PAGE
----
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Making Democratic Art

Vijay Prashad

By Arjun Ghosh
Sage Publications, New Delhi, 2012, pp. 293, Rs.199.00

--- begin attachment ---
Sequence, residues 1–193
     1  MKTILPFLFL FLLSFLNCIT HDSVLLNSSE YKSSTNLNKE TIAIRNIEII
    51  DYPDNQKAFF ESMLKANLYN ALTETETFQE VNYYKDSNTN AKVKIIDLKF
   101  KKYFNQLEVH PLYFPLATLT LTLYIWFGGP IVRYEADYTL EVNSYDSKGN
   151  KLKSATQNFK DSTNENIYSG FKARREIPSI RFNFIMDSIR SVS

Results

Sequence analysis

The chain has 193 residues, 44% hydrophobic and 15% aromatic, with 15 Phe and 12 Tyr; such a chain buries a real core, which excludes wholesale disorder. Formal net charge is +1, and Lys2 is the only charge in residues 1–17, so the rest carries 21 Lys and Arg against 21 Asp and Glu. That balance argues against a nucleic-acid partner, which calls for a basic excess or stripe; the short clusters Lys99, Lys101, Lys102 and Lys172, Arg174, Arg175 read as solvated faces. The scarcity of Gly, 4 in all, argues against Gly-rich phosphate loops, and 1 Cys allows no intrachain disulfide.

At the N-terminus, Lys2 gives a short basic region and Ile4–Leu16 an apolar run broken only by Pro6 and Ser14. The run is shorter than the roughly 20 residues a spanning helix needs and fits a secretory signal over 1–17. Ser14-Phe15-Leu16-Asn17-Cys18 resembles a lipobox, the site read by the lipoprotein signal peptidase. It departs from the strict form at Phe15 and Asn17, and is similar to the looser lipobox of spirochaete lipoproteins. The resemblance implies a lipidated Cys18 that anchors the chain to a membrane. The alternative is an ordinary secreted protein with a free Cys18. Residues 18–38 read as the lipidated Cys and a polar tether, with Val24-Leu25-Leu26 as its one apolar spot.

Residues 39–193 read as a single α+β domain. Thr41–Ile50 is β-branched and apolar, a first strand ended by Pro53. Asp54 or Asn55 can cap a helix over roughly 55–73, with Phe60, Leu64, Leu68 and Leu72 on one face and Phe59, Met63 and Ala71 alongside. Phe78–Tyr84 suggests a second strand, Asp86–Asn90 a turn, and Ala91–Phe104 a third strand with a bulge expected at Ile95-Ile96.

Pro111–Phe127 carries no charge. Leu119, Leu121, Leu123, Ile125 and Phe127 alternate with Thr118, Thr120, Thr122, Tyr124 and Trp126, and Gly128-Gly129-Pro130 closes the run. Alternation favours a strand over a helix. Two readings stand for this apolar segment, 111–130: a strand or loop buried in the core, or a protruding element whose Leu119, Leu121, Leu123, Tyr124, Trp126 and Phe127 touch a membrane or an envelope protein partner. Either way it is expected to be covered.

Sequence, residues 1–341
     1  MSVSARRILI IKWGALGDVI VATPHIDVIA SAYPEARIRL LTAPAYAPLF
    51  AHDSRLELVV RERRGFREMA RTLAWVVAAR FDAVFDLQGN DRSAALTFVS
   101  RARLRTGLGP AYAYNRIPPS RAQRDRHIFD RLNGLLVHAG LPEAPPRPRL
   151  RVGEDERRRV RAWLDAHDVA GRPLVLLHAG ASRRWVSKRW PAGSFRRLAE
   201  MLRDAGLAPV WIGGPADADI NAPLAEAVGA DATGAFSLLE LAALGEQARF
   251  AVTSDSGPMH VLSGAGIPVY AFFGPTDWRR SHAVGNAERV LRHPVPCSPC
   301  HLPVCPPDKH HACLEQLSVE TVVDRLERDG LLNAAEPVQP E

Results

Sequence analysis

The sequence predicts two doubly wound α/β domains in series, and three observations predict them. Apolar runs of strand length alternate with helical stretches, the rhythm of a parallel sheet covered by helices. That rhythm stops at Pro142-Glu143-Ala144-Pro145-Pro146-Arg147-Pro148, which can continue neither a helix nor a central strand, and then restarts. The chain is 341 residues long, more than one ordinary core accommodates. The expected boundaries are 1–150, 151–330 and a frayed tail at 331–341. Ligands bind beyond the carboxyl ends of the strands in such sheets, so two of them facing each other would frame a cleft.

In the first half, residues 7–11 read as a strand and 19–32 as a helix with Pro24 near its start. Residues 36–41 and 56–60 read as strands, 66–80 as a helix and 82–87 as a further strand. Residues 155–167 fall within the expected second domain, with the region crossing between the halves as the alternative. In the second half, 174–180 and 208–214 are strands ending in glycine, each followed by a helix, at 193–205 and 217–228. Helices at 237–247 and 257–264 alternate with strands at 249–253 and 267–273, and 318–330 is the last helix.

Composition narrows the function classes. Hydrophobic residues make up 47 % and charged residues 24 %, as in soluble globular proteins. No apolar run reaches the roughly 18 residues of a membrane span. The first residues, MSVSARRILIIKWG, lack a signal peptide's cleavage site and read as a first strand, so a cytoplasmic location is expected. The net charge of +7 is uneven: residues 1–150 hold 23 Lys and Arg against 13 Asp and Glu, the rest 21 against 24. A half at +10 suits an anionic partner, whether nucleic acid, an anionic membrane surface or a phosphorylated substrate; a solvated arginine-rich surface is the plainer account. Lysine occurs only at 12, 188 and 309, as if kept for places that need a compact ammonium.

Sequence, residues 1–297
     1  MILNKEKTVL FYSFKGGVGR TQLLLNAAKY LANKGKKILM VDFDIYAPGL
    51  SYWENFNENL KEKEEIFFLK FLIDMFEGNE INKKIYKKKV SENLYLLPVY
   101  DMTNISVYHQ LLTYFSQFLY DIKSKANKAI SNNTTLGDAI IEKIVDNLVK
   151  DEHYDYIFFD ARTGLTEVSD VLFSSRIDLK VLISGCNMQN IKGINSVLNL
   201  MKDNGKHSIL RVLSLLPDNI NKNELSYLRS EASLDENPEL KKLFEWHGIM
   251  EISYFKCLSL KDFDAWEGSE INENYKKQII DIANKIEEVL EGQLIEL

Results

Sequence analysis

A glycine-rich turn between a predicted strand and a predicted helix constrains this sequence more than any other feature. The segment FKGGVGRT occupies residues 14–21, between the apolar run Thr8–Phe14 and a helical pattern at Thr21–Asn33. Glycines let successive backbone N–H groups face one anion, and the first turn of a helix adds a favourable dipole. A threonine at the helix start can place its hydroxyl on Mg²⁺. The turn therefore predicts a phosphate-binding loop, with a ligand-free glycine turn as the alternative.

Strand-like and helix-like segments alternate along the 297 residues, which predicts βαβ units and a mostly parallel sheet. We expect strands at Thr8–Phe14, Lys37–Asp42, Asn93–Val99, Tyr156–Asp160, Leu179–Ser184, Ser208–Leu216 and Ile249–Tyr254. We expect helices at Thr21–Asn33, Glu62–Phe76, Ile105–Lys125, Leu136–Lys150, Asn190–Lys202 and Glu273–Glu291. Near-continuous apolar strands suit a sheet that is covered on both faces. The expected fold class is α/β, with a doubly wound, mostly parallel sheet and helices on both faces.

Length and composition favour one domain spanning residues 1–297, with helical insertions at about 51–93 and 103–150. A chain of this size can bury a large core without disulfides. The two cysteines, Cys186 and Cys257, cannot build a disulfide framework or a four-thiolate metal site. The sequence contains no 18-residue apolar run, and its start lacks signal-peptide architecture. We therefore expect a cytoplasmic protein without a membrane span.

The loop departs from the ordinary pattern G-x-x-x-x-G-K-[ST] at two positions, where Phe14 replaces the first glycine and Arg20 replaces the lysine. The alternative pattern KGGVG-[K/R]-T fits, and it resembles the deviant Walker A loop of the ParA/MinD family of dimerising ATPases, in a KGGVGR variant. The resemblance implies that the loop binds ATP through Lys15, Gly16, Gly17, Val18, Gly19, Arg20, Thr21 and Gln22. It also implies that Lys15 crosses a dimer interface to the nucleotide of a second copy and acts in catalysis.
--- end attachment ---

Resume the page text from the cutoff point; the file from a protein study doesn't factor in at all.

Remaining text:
In 1942, artists who had been inspired by the freedom movement, by the anti-fascist struggle and by the sweep of Communism formed the Indian People’s Theatre Association (IPTA). Among their serried ranks were Prithviraj Kapoor, Ravi Shankar, Utpal Dutt, Ritwik Ghatak and so many more familiar and unfamiliar names, whose talents built up the various culture industries of Independent India. They wanted to make art that was socially relevant and that was in some way an adjutant to the freedom movement. The Bengal Famine of 1943 provided them with the spur. The Communist leader P. C. Joshi took along the photographer Sunil Janah and the artist Chittoprasad to Bengal to document the horrendous famine that would claim between one and four million lives. Joshi’s dispatches, Janah’s photographs and Chittoprasad’s art were published in People’s Age, which was the first periodical to expose the famine and British complicity in it. Artists in the orbit of IPTA put their considerable energy to render the famine into art to reach the largest number of people. The dancer Shanti Bardhan composed Bhookha Hai Bengal, a dance drama that raised large sums of money toward famine relief. IPTA’s Bijon Bhattacharya wrote Nabanna, a play, to do the same kind of work. This work would culminate in Dharti Ke Lal, the 1946 debut film from K.A. Abbas (written by Bhattacharya and Abbas) that starred Zohra Sehgal and Balraj Sahni, and told the story of the Bengal famine from the standpoint of one peasant family. It is the direct precursor to the postcolonial socialist realist classic, Do Bigha Zamin, 1953. IPTA ran out of steam for a variety of reasons by the 1970s. By 1973, its Delhi unit had become moribund, with the office used by IPTA members for their own business dealings. It took a dozen young college students associated with the Students Federation of India to galvanize IPTA into a new formation, the Jana Natya Manch. It is remarkable how much the DNA of Janam (as the group would be called) was derived from the early IPTA—the same fierce talent, the same orientation toward the people, and the same affiliation with the Communist movement. Both could just as well have begun each of their shows with this exhortation from Sahir, Chalo ke aaj sabhi paaye maal roohon se Kahen ke apne har ek zakhm ko zabaan kar den Hamaara raaz hamaara nahin, ...

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